Most of us would love to be able to eliminate stress, but I believe it’s probably more realistic to strive to better manage it. Recognizing what TYPE of stress is the first step. Acute stress is short-term and the most common. It is often caused by thinking about the pressures of events that have recently occurred or upcoming demands coming soon. This might be events such as a recent argument that has caused upset or an upcoming deadline. The stress will be reduced or removed once these are resolved. Short term effects may include tension headaches, upset stomach, mild sleep disturbance, as well as a moderate level of distress. Of concern is that repeated instances of acute stress over a long period can become chronic and harmful.

People who frequently experience acute stress or have frequent triggers of stress have episodic acute stress. If we have too many commitments and poor organization skills, we may experience episodic stress symptoms, such as increased irritability and overall sense of being tense, or “wired”, which can in turn affect relationships which can lead to increased arguments which leads to bodily changes, etc. Those of us who worry too much on a consistent basis are also candidates for episodic acute stress which over time can lead to serious physical health concerns, and ongoing anxiety and/or depression.

Chronic stress is the most harmful type of stress and grinds away over a long period. Ongoing poverty, a dysfunctional family, an unhappy marriage, a high demand/low rewards job can cause chronic stress. It can also be caused by a traumatic experience early in life. What is unique about chronic stress is that it can continue unnoticed, as we can become used to it, which is unlike acute stress that is new and often has an immediate solution. Chronic stress can become part of a person’s personality, making them constantly prone to the effects of stress. Chronic stress is likely to lead to the most traumatic events, such as heart attacks, strokes, violent actions, suicide, etc.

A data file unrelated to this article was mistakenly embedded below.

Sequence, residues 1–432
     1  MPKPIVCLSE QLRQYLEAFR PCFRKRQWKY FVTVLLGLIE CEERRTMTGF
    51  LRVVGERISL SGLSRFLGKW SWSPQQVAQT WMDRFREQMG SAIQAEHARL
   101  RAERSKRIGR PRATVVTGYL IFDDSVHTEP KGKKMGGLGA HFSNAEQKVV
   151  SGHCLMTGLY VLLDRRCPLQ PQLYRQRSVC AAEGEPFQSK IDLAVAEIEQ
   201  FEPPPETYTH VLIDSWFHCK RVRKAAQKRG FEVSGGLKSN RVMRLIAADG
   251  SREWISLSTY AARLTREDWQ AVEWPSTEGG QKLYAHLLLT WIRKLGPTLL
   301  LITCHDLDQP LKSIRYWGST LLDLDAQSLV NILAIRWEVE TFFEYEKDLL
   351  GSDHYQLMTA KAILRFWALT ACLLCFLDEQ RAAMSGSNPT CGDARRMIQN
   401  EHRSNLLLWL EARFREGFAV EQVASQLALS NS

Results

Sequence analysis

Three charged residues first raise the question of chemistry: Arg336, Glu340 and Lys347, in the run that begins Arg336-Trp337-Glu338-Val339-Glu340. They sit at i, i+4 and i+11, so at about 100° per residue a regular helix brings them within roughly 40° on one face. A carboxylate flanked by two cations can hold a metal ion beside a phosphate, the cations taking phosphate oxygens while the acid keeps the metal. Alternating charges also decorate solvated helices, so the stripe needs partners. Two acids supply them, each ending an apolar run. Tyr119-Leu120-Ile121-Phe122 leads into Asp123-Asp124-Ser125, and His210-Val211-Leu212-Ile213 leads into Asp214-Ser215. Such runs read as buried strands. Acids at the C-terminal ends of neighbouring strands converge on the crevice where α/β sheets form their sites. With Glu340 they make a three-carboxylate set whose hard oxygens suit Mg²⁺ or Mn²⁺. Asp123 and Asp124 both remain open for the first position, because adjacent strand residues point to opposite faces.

How is it that I might find myself totally”stressed out” over a situation that involves being on time to an event, whereas my close friend never seems concerned about being late? We all react differently to stressful situations. Almost anything can cause stress. Sometimes, just thinking about something or several small things can cause stress. It is well known that major life events can trigger stress, such as retirement or job issues, lack of money or time, grief, family conflicts, illness, moving, and relationships, marriage and divorce. Other common stressors are driving in heavy traffic or fear of a accident, fear of crime or problems within a neighborhood, pregnancy, excessive noise, overcrowding, uncertainty or waiting for an important outcome. Sometimes, there is no identifiable causer. Mental health issues, such as depression or an accumulated sense of frustration and anxiety, can make some of us feel stressed more easily than others.

Physical symptoms of stress may include sweating, pain in the back or chest, cramps or muscle spasms, erectile dysfunction or loss of libido, fainting, headache, heart disease, high blood pressure, lower immunity against illness or diseases, muscle aches, nervous twitches, pins and needles sensation, sleeping difficulties, and gastrointestinal upset to name just a few! Emotional reactions might include anger, anxiety, burnout, concentration issues, depression, fatigue, feeling insecure, forgetfulness, irritability, nail biting or hair pulling, restlessness, and sadness. Behaviors linked to stress include food cravings and eating too much or too little, sudden angry outbursts, drug or alcohol abuse, high tobacco use, social withdrawal, frequent crying, and relationship issues.